The crawl begins at 5:30 pm. starting from The Silver Room, and continues until 9 p.m.

Tickets are $35 each, or $25 when purchased online by June 8 at www.hydeparkchamberchicago.org/crawl.

June 24 Hyde Park Dinner Crawl to feature 53rd Street cuisine

Eight restaurants on 53rd Street will offer culinary delights as part of the Hyde Park Dinner Crawl organized by the Hyde Park Chamber of Commerce.

Stops along the Crawl include A10, Chant, Clarke's, Kilwins, Mellow Yellow, Native Foods, Pizza Capri, and Rajun Cajun.

The event will run from 5:30 p.m. to 9 p.m. on Tuesday, June 24. Tickets are $30 per person in advance or $35 on the day of the Crawl. To purchase tickets online, visit hydeparkchamberchicago.org/crawl.

Porkchop celebrates opening with ribbon cutting

The newest eatery in Hyde Park’s Harper Court celebrated another milestone this morning, when more than a dozen community leaders turned out for the official ribbon cutting for Porkchop, the barbeque restaurant and whiskey bar that opened last month.

Jovanis Bouargoub, the owner of Porkchop and a resident of Hyde Park, was joined by 4th Ward Ald. Will Burns, Hyde Park Chamber of Commerce Executive Director Wallace Goode, South East Chicago Commission Executive Director Wendy Walker Williams and others in front of the restaurant at 1516 E. Harper Court.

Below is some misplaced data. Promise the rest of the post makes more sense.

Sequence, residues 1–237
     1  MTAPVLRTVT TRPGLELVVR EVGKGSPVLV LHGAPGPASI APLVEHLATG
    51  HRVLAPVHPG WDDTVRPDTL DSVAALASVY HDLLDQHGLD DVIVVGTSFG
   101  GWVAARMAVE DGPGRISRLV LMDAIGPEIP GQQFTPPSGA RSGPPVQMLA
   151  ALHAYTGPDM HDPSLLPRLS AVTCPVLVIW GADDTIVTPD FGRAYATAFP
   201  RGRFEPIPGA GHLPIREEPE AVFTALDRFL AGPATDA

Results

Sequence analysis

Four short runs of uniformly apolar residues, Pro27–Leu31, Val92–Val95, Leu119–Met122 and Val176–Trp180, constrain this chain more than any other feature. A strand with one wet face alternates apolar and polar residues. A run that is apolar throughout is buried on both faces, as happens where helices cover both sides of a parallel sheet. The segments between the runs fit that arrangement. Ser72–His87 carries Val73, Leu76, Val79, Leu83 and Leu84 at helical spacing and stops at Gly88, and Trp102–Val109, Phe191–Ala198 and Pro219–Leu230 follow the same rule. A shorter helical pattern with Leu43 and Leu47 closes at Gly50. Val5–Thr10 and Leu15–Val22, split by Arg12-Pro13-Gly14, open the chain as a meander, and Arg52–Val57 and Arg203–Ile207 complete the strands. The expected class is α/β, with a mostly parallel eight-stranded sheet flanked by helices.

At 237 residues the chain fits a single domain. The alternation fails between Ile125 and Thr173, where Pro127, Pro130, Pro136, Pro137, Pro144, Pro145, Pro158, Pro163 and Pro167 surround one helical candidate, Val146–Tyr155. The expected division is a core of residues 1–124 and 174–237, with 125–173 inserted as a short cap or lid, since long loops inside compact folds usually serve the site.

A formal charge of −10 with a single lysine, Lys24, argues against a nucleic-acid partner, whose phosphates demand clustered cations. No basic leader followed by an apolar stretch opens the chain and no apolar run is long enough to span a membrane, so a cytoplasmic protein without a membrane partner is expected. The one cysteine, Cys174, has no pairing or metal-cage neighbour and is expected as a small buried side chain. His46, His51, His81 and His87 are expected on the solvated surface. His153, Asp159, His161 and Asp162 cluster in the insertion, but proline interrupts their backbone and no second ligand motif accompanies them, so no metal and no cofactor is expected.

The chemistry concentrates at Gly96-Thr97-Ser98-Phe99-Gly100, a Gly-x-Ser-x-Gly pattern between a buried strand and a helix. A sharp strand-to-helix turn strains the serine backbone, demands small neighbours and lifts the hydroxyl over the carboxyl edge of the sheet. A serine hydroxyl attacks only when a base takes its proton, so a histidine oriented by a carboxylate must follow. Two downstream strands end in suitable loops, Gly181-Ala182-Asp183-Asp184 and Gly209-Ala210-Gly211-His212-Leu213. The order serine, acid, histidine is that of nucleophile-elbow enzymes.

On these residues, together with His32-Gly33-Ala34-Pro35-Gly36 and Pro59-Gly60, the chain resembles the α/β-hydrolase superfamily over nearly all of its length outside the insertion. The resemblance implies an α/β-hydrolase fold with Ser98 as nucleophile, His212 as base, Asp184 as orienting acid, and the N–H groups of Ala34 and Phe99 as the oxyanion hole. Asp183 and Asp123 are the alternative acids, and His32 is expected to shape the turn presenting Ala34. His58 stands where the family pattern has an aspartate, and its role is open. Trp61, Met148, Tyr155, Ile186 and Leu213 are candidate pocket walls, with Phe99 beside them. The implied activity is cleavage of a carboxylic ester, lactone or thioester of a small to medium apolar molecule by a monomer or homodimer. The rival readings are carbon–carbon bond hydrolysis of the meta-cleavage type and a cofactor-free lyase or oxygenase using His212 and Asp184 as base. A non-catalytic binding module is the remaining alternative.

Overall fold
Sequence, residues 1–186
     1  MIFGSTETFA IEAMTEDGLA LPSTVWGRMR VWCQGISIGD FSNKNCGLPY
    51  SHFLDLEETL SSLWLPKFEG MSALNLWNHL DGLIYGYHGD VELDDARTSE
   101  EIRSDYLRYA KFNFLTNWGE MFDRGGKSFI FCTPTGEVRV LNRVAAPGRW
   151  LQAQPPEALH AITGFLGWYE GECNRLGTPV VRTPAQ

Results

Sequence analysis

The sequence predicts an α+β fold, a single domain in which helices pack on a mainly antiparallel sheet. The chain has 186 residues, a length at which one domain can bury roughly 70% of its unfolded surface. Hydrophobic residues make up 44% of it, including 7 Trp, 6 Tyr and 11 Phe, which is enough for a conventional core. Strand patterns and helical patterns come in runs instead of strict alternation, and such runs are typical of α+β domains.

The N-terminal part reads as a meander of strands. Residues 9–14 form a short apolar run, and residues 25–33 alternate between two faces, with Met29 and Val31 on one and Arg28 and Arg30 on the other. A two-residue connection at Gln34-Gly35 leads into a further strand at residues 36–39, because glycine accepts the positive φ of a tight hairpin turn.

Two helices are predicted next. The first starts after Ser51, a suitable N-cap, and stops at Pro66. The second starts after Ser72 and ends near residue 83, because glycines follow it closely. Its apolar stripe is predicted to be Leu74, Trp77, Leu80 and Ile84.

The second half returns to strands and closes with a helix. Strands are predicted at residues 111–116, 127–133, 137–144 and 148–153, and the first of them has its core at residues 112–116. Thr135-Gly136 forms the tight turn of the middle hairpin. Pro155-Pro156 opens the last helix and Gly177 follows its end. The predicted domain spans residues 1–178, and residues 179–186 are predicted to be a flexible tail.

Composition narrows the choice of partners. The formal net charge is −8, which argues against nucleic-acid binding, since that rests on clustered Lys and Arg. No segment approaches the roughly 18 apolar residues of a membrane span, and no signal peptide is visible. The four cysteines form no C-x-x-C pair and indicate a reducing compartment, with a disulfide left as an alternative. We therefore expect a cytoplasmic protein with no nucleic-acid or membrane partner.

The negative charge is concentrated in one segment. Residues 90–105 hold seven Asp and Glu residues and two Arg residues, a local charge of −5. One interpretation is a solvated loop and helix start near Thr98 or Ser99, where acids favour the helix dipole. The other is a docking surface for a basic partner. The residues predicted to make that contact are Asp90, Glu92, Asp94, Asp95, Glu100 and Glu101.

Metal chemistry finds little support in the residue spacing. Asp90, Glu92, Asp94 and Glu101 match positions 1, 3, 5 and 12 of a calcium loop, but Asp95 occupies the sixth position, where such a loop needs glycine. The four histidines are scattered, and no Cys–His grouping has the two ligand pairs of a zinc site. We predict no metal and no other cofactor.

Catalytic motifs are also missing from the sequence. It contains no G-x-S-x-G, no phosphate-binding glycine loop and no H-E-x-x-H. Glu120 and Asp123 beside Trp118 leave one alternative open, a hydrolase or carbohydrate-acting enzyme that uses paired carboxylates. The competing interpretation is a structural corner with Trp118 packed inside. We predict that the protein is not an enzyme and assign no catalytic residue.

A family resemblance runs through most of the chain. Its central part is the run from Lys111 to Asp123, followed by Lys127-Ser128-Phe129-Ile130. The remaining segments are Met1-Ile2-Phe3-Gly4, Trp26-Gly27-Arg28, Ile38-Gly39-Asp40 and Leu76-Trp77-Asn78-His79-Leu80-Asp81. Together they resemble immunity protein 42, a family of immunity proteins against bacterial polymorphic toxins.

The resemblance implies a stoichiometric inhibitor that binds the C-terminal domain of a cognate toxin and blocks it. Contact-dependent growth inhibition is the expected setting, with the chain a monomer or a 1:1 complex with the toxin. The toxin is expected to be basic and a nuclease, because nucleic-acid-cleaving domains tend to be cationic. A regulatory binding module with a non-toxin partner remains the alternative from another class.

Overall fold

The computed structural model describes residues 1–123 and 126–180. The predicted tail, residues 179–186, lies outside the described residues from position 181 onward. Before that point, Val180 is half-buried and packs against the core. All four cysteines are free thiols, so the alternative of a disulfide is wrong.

“Porkchop is the latest example of the abundance of opportunities for business owners in Hyde Park and options for consumers in and around the neighborhood,” said Goode. The Hyde Park Chamber of Commerce organized the ribbon cutting.

The new Hyde Park spot is the second Porkchop location for Bouargoub, who also owns the Porkchop on Randolph Street. He plans to enhance the concept for his neighborhood.  

In the coming weeks, the Hyde Park restaurant will introduce regular live music, with a mix of country, rock, and blues bands performing on Thursdays, Fridays and Saturdays. The Randolph Street shop has occasional performances, but live bands would be a regular feature for Porkchop in Hyde Park.

“This will be special to Hyde Park, if it works well,” said Bouargoub, who lives just two blocks from the new restaurant.

The Hyde Park location serves breakfast, lunch and dinner, and opens daily at 7 a.m. Closing hours are midnight, Sunday through Wednesday; 1 a.m., Thursday, and 2 a.m., Friday and Saturday.